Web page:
Dr Stuart Lawrence Speaks At Safety Centre Charity

Stuart Lawrence Speaks At The Safety Centre About Empowering Children & Young People With Lifesaving Knife Crime Education

Today we were thrilled to welcome Dr Stuart Lawrence, the younger brother of Stephen Lawrence, to our centre today. He spoke about the vital importance of promoting early intervention knife crime education across the region and beyond through the Safety Centre Charity, the region’s leading and the world’s first safety education charity. Stuart shared his story, experiences and messages of hope and tolerance. We were also joined by Assistant Chief Constable Katy Barrow-Grint from Thames Valley police talking about knife crime and how Thames Valley police is preparing for the Knife Angel coming to Milton Keynes this December.

The Importance of Knife Crime Safety Education

We were excited to invite Dr Lawrence to talk with community leaders from across the region about the vital importance of early intervention knife crime education. Our role to support the development of flourishing communities within our region and beyond starts by responding to emerging safety trends. Unfortunately, knife crime is now an issue that children and young people need to be able to understand from an early age. This is why we’ve developed our early intervention knife crime safety education initiative in schools and at our education centre Hazard Alley. The programme talks about the choices young people have and the impact of these choices. Our education specialists create safe spaces for life saving conversations and education, in a meaningful, sensitive, age-appropriate way.

Dr Lawrence said:

“Early intervention is so important, at the end of the day the only person you can control is you and you need to have the tools to make safe choices. Education can be the most powerful tool in the world and the earlier we can give people the tools to be safe, the more it helps. We need to explain to young people that time is precious, and life is precious. One fifth of knife crime is committed by 10-17 year olds and there’s a lot more we can do early on to explain to children the importance of life and that there’s always an amicable way of solving things.”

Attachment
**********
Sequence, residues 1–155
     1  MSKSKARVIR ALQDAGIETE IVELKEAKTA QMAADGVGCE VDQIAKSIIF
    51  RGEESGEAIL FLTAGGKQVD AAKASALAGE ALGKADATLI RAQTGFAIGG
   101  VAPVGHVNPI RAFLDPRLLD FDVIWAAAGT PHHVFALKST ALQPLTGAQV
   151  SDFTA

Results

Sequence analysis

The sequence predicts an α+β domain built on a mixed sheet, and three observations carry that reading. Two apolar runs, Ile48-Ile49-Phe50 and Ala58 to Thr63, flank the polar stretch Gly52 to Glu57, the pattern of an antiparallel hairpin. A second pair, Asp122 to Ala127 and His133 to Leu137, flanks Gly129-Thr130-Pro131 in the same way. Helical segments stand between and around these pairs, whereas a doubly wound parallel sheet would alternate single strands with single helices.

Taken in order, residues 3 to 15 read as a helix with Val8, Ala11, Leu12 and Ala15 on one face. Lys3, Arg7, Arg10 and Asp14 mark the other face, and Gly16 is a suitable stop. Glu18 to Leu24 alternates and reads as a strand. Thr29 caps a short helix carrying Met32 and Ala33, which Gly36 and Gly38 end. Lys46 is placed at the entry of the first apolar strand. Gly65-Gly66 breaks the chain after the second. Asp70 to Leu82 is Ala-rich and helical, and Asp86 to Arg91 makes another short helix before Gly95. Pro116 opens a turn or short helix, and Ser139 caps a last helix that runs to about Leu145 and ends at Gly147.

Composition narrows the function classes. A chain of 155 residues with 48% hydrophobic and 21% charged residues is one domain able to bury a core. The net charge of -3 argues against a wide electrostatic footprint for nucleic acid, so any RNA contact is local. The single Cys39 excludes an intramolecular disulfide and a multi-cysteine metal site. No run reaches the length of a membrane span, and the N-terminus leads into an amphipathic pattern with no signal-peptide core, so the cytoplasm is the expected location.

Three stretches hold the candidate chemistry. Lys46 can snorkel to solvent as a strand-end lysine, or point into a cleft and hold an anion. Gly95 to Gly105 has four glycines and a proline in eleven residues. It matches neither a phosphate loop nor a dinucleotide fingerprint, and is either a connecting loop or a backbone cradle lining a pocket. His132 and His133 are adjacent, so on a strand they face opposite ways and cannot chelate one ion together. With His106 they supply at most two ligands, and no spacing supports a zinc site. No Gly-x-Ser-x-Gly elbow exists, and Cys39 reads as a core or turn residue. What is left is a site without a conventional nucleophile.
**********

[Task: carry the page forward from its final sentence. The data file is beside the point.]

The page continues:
Assistant Chief Constable from Thames Valley Police Katy Barrow-Grint said:

“Seven out of the eleven murders in Thames Valley in the last year have come about because of a knife. I’m sure you’ll agree with me enough is enough. The preservation of life and working to address root causes and helping to save lives from being lost to violence but the wider impact in our communities and offenders themselves must be integral to everything we do as a partnership.”

Maya, Chief Executive of the Safety Centre said:

“We’re delighted to be joined by Dr Stuart Lawrence to talk about his experiences and the vital role the Safety Centre plays in educating children and young people through our early knife crime intervention programme. This education initiative can save lives through creating safe spaces for impactful immersive learning and vital conversations about the consequences of being involved in knife crime. These conversations and sessions are potentially lifesaving and I’m proud to be leading a team of education specialists delivering pioneering safety education across our region.”

To find out more about the Safety Centre charity and how you can support our work contact us on info@safetycentre.co.uk. To talk to us about our education packages and how your school can get involved contact our education team on educationteam@safetycentre.co.uk or call 01908 263009.

Safety Centre Charity Knife Crime Intervention Education Stuart Lawrence